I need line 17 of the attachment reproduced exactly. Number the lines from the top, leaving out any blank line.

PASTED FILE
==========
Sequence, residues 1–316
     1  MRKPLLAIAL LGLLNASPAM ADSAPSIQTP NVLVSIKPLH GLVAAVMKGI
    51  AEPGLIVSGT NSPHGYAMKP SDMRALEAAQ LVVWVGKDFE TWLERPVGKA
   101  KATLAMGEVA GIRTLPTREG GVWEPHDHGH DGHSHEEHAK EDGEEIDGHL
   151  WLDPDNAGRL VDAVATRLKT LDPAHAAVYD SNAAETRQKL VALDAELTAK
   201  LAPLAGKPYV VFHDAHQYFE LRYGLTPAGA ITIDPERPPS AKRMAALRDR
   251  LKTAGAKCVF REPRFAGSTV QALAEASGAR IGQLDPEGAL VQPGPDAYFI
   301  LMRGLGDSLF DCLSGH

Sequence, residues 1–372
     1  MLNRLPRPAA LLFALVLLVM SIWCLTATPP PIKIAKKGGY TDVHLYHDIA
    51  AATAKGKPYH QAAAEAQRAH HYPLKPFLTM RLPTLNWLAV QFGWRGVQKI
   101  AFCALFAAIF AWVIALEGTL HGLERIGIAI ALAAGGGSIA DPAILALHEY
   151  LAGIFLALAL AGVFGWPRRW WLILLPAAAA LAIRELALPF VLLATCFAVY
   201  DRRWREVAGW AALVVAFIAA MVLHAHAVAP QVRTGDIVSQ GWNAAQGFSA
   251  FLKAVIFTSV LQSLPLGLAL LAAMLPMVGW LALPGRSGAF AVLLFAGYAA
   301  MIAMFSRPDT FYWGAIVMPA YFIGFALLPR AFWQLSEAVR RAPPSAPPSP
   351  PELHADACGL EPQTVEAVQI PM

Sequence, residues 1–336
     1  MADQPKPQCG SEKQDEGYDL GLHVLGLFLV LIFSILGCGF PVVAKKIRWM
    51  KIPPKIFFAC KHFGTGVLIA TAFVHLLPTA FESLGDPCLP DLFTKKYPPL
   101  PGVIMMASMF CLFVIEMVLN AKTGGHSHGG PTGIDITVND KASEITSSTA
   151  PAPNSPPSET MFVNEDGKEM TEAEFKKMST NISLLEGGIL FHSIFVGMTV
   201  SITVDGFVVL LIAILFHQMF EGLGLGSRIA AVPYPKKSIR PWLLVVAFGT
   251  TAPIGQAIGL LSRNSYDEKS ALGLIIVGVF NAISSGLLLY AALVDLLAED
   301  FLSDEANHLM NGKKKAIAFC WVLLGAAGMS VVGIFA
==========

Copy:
   351  PELHADACGL EPQTVEAVQI PM